A warm welcome to author Pat Henshaw joining us to talk about her new Dreamspinner press release “Relative Best”, part 5 in her populair Foothills Pride series.
Welcome Pat 🙂
The Great Stagecoach Robbery
Long before I even thought of writing Relative Best or any of the other Foothills Pride series, my husband and I had a lot of fun riding around the small nearby foothills Gold Rush towns on a Sunday afternoon.
Coming from the wide-open plains states where pioneers rode and walked on their way from the cities in the East to a better life in the West, I’d been to my fair share of historic sites. I never liked reading about history, but always loved visiting where it occurred.
When I heard about Columbia State Park in the Sierra Nevada foothills, I was intrigued. After I read this description of the gold mining town, I had to visit it:
The town’s old Gold Rush-era business district has been preserved with shops, restaurants and two hotels. Visitors have the chance to time-travel to the 1850s, imagining life when gold miners rubbed shoulders with businessmen and the other residents in Columbia. Visitors can experience a bygone era watching proprietors in period clothing conduct business in the style of yesterday. There are opportunities to ride a 100 year-old stagecoach, pan for gold, and explore the real working businesses of Columbia.
What?! I could ride in a stagecoach! I’d ridden in a Conestoga wagon in Nebraska, on a C & O canal barge in the D. C. area, and on an elephant in Thailand, but to be able to ride in a real live stagecoach would be a dream come true.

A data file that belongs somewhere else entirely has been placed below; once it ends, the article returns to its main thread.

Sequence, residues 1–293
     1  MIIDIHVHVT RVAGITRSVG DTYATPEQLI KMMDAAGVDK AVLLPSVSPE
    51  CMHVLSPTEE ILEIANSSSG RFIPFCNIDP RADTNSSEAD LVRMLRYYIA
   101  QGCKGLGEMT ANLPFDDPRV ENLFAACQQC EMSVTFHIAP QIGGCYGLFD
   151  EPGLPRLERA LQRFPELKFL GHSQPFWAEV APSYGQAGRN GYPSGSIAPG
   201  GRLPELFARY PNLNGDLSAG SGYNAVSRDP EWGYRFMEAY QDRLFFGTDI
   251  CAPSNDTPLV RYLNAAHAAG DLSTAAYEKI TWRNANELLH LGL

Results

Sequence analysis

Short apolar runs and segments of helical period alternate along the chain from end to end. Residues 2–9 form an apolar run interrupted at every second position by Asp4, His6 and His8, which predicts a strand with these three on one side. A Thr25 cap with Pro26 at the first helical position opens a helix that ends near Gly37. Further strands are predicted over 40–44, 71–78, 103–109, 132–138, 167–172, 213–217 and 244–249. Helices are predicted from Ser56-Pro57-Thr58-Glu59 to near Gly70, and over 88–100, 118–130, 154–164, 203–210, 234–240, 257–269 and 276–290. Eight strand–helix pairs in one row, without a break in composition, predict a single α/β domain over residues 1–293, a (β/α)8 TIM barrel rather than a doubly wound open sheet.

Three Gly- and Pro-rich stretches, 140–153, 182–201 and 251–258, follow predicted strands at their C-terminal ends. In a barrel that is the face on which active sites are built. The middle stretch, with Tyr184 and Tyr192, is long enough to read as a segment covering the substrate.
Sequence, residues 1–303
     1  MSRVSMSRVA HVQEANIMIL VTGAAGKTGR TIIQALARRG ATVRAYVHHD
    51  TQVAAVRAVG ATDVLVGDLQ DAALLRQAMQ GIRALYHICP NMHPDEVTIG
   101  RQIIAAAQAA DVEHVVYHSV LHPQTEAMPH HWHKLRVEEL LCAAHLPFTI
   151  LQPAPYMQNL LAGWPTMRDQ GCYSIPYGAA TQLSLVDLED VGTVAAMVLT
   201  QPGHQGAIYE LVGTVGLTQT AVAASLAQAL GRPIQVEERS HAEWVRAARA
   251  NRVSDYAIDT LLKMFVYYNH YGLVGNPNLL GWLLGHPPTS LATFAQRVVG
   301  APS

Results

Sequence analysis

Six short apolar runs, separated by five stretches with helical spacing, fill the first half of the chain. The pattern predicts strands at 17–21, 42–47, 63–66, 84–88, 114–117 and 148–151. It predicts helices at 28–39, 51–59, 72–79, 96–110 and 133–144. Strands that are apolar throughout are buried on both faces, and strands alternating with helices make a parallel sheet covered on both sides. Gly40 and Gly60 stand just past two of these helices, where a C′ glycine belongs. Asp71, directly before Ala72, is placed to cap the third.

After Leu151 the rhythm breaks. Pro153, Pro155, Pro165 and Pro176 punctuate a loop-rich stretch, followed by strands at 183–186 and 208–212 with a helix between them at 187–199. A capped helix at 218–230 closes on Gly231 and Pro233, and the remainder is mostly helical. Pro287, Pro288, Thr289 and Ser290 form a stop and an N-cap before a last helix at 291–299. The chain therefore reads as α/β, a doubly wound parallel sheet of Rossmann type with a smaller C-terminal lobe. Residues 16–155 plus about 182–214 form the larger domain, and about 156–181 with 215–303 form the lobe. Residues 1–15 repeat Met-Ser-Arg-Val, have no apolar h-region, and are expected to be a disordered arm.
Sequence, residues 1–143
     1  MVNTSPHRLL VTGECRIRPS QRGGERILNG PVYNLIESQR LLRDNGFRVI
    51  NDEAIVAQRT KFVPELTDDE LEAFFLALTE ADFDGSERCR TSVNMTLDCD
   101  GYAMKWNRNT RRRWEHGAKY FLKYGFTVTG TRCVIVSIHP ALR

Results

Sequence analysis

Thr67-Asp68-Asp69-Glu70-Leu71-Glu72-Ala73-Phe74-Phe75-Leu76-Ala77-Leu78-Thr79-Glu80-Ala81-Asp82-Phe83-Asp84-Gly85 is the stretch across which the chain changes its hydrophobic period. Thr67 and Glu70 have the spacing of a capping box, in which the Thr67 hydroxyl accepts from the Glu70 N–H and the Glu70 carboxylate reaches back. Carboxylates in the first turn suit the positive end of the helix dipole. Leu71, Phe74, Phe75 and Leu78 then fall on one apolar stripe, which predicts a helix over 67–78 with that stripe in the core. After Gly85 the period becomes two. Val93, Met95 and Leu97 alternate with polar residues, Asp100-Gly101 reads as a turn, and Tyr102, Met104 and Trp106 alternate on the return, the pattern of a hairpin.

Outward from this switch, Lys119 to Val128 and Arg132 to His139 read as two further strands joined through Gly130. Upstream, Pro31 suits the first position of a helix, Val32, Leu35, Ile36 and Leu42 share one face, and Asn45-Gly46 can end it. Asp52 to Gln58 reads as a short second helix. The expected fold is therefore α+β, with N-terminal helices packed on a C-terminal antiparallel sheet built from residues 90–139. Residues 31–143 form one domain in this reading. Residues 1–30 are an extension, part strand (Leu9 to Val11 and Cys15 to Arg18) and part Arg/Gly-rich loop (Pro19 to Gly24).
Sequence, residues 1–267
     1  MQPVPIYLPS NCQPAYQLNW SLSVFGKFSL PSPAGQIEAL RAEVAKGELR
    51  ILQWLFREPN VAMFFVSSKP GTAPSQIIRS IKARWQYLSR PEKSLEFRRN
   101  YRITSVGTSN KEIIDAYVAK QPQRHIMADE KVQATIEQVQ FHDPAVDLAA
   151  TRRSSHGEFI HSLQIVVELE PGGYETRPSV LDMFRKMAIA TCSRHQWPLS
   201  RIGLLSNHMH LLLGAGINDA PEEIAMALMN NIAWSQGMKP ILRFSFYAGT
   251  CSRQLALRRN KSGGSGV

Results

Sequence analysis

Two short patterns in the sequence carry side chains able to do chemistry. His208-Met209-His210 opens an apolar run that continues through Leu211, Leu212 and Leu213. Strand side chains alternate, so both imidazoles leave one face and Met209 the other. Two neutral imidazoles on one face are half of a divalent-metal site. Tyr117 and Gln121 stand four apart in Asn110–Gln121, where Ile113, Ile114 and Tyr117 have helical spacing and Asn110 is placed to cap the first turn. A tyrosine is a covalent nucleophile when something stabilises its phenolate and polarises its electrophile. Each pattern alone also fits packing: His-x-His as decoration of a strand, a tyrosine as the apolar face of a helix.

My husband, the good sport and history buff that he is, agreed that spending the night in Columbia and then taking a ride in 1850-style would be the perfect weekend getaway.
We didn’t count on the robbery, however.
Getting on the stagecoach for almost everyone but the kids is an exercise in gymnastics. It’s a huge step up and over, using the folding steps and the carriage sides to swing up into the compartment with bench seats and rolled up leather curtains over the open windows.
It’s difficult enough to do in jeans, so I had trouble imagining a woman in a long skirt being able to do it gracefully. None of the Hollywood Westerns show a woman falling and dissolving into a heap of fabric trying to get onto any wagon seat.
My brave husband opted to sit shotgun next to the driver, a climb that looked nearly impossible since it included stepping on wheel rungs and axle to get there.
Once we were all packed in, the four horses pulled out and we were away, down the dirt street of Columbia and out into the wilds of the park. The ride was just as dusty and bumpy as can be imagined. Since I had a window seat and over one wheel, I caught the brunt of the dust and every uneven spot in the road. But, hey, we were riding in a stagecoach.
The ride was going well until we turned near an outcropping of large boulders. The driver warned us that there might be trouble ahead and to watch out. And he was right!
The robber, looking small and defenseless except for his guns, stopped the horses and proceeded to shake us down, demanding our gold and jewelry.
It was then I noticed he was eyeing my bracelet.
He waved his gun toward me and shouted, “Gimme the jewelry.”
Okay, I’m sitting in a stagecoach that I paid to be in. I’m taking a ride on California state park land. I’m surprised by the robber, but I want to play along. Still, we’re talking about a piece of jewelry I’ve worn for years, 24/7. Do I really want to give it over to this stranger and never see it again?